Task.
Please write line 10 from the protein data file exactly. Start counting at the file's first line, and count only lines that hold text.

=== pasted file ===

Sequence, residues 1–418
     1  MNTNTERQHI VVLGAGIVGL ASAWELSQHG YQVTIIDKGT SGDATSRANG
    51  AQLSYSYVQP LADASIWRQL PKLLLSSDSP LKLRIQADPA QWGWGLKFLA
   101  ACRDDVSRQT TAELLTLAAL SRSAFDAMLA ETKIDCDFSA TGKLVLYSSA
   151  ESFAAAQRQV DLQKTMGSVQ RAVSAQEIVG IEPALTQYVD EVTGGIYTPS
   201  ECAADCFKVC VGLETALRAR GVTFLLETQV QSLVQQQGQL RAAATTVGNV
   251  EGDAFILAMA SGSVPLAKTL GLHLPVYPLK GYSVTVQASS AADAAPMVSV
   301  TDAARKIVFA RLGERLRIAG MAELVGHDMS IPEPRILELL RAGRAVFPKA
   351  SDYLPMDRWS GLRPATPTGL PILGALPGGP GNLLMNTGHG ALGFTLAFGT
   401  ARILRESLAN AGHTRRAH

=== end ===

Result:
   401  ARILRESLAN AGHTRRAH